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Approach to Energy Efficiency Project Standardization

Gareth Phillips Chief Climate Change Officer, Sindicatum Chairman Project Developer Forum

Energy Efficiency has NOT been successful under CDM. Why not?
Difficult to establish additionality barriers hard to define; many actions are cost positive Savings are relatively small compared to baseline emissions means projects require scale to overcome transaction costs Ownership of emissions building / technology owner vs tenant / operator Quantification of baseline is either conservative or complex cannot be measured after technology is installed Interactions between energy saving devices makes multiple technology projects difficult e.g. CFLs and efficient air conditioning will result in some double counting Recent guidance on multiple meths may help this, but the monitoring requirements are not attractive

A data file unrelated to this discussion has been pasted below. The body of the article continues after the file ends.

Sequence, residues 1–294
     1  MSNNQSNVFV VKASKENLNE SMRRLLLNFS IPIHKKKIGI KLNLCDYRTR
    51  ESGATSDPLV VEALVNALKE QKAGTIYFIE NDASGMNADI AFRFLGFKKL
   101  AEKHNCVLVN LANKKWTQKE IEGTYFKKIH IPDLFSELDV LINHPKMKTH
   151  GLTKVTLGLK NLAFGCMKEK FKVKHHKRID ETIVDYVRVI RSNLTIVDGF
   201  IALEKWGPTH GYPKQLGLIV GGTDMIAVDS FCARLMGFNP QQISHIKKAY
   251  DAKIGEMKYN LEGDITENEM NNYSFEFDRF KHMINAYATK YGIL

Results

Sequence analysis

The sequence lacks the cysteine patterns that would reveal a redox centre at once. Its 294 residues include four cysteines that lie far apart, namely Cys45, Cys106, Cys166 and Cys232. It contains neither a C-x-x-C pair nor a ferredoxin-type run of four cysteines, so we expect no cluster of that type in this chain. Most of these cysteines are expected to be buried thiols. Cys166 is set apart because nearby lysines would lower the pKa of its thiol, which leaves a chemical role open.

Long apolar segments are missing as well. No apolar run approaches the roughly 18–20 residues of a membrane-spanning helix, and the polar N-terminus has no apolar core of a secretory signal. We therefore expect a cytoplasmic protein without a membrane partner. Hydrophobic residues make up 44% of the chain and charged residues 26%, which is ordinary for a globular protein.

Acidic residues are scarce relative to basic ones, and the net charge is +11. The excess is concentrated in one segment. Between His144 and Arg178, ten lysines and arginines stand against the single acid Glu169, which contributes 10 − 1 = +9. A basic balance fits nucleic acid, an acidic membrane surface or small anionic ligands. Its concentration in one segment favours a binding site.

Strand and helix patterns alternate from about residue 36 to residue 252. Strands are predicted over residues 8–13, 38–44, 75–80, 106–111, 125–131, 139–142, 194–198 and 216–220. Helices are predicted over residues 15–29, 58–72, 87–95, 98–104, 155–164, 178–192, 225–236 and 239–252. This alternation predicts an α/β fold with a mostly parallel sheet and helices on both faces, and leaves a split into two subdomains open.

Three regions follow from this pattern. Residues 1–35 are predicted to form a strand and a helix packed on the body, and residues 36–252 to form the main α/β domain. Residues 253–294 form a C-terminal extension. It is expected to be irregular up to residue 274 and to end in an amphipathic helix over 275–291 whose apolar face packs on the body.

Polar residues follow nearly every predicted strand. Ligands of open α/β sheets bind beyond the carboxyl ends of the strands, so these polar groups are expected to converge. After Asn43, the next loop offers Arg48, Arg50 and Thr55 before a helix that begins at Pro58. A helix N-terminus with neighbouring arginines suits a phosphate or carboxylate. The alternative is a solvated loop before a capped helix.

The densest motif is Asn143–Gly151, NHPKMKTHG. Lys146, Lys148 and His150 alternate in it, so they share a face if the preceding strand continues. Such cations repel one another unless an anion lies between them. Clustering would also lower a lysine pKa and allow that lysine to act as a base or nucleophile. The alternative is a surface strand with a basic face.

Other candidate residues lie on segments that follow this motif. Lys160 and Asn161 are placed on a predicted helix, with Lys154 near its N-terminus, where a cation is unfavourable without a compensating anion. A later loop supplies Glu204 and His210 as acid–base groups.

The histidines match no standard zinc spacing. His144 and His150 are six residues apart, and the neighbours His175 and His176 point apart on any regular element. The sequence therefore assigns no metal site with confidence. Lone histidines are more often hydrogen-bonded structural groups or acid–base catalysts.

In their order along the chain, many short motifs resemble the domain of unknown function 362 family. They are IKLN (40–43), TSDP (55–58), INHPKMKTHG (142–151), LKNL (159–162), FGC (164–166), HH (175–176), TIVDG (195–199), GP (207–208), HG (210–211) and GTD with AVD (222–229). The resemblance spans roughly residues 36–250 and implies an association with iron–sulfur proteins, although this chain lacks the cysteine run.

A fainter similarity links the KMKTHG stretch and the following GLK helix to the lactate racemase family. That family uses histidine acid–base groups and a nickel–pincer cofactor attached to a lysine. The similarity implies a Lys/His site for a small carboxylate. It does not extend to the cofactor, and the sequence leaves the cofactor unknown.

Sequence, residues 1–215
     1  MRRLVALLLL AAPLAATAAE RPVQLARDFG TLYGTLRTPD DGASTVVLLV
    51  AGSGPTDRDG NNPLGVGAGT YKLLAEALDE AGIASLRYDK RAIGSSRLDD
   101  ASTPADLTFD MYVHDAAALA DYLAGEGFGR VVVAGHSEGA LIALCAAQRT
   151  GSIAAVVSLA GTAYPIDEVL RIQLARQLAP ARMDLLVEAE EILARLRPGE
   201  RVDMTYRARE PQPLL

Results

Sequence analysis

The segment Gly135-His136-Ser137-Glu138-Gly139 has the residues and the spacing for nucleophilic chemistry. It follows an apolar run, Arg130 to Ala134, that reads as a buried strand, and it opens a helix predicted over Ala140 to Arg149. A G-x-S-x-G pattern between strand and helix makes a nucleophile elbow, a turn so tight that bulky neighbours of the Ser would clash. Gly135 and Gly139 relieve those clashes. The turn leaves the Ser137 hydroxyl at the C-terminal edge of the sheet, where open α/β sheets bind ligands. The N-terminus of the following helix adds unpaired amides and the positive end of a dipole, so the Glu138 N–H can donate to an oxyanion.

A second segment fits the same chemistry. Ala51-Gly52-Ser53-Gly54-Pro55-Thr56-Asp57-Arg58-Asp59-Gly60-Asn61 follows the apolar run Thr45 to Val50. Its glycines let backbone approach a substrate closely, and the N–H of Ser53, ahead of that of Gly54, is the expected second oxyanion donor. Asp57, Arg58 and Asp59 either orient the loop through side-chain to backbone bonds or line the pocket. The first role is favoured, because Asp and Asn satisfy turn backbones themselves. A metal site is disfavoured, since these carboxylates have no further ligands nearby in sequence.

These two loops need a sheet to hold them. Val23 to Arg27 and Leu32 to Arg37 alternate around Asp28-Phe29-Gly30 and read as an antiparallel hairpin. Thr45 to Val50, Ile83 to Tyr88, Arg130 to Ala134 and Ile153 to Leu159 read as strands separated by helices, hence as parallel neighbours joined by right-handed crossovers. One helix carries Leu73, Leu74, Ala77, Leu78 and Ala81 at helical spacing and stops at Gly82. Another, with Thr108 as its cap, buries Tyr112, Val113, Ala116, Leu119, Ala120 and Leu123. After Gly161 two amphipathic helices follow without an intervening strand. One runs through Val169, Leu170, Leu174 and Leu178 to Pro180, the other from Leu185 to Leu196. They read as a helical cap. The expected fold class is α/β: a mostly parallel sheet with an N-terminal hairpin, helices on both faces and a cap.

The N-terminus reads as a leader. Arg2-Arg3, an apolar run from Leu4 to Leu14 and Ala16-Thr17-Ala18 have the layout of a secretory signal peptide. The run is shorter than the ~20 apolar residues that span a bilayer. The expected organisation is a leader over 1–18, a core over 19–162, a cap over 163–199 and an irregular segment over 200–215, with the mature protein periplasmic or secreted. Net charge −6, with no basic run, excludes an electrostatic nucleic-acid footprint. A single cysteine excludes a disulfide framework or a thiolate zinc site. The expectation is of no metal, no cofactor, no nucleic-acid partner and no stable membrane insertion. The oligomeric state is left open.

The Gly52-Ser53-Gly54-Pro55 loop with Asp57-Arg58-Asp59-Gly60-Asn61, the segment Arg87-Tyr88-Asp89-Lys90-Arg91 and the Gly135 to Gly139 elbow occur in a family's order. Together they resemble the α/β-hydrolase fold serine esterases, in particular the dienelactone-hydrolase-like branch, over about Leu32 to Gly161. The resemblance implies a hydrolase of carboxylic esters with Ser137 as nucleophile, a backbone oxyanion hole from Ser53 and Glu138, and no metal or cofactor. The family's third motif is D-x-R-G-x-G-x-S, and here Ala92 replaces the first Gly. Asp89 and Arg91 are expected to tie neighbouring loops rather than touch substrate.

Can standardized baselines make EE projects practical?


EE initiatives are well served by benchmarks Benchmarks are a performance target defined by reference to peers They can accommodate multiple technological interventions For example, energy use (GHG emissions) per m2 office space, shops, hotels, for lighting per km of highway, per unit of output Facilities may be grouped based on current technology and set a target which is for example 10% above the average of their cohort If they can achieve their target then they have deviated from the performance of their peers and if they can beat the target they are acting additionally and generating emission reductions CERs are quantified by multiplying number of units by the extent to which they beat the benchmark

Benchmarks under CDM


Standardized baseline text can easily be interpreted to include benchmarks New approach to additionality assessed against a benchmark defined by peers. Alternatively, BM could be defined by e.g. building standards, historic performance, technical specifications New means of defining baseline baseline is the benchmark which is better than current performance this is also conservative New means of quantifying emission reductions = number of units * (performance benchmark) Also greatly simplifies monitoring as only two parameters are monitorednumber of units and total GHG emissions